There are two explicit narrative threads. One dealing with life in the hospitable placid galactic disk. The other within the perilous bulge. There is also a powerful subtext which seems ask “what is the point?”. What is the point of a life removed from the existential dangers we evolved alongside? When we can adopt arbitrary physical forms and psychological drives and perspectives? A solution proposed to avoid the morbid navel gazing, is for the bulk of a society to be individuals happy to exist in a sheep like state; time passing in a routine of work, gossip and sex. Only a small percentage need to entertain lofty thoughts or be capable of general intelligence. These individuals give society/species hope when faced with novel situations that endanger survival. Yet in times of peace and safety their life is lonely and futile – subversive stuff.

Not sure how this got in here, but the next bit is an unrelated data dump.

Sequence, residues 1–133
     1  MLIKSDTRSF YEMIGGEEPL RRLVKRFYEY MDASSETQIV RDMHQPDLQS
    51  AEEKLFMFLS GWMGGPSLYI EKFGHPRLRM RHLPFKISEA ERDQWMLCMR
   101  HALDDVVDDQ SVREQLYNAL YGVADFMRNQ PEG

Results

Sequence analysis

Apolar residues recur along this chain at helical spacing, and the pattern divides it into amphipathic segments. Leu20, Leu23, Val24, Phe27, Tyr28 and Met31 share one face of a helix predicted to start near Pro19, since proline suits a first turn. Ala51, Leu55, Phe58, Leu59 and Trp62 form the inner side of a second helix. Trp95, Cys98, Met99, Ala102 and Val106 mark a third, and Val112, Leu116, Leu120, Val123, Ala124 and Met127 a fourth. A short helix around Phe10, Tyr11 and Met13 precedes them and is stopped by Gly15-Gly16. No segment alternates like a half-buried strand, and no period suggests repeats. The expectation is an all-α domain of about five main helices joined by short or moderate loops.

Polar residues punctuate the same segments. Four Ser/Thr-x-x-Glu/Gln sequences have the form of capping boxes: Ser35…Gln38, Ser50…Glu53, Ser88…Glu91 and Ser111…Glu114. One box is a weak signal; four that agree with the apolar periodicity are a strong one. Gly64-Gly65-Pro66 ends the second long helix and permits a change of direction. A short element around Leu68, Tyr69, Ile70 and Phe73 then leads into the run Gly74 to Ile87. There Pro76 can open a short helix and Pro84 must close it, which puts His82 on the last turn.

The two threads only meet in the sense that they are linked by the themes of safety and boredom.
We do find out who the Aloof are though.
Incandescence is very dry, overly technical, and a lot of the physics is frankly over my head… all in all a nearly perfect book!
In this universe life in the Milky Way evolved from chemistry on eleven separate occasions. These replicators, or at least their precursors, ricocheted around the galaxy. Meteor impacts, stellar tress pas, tidal disruption, and supernova propelled shrapnel, all serving to mix and scatter life across thousands of worlds. The Amalgam is the resultant climax civilisation descended from the eleven unique Panspermia roots. The Aloof are a mysterious civilisation sitting at the bottom of the gravity-well in the chaotic bulge that surrounds the galaxy’s central colossal black hole.